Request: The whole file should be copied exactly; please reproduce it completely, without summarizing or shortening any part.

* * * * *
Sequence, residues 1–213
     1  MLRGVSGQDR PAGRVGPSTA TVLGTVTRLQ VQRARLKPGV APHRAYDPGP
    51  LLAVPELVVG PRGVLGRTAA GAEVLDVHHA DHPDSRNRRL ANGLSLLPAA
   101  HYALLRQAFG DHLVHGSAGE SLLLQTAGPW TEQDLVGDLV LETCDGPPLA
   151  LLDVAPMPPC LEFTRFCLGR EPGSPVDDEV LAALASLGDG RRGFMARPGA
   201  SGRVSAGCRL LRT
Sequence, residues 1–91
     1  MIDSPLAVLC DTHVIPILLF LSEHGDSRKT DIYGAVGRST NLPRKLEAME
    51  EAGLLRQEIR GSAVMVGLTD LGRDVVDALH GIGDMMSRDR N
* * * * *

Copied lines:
Sequence, residues 1–213
     1  MLRGVSGQDR PAGRVGPSTA TVLGTVTRLQ VQRARLKPGV APHRAYDPGP
    51  LLAVPELVVG PRGVLGRTAA GAEVLDVHHA DHPDSRNRRL ANGLSLLPAA
   101  HYALLRQAFG DHLVHGSAGE SLLLQTAGPW TEQDLVGDLV LETCDGPPLA
   151  LLDVAPMPPC LEFTRFCLGR EPGSPVDDEV LAALASLGDG RRGFMARPGA
   201  SGRVSAGCRL LRT
Sequence, residues 1–91
     1  MIDSPLAVLC DTHVIPILLF LSEHGDSRKT DIYGAVGRST NLPRKLEAME
    51  EAGLLRQEIR GSAVMVGLTD LGRDVVDALH GIGDMMSRDR N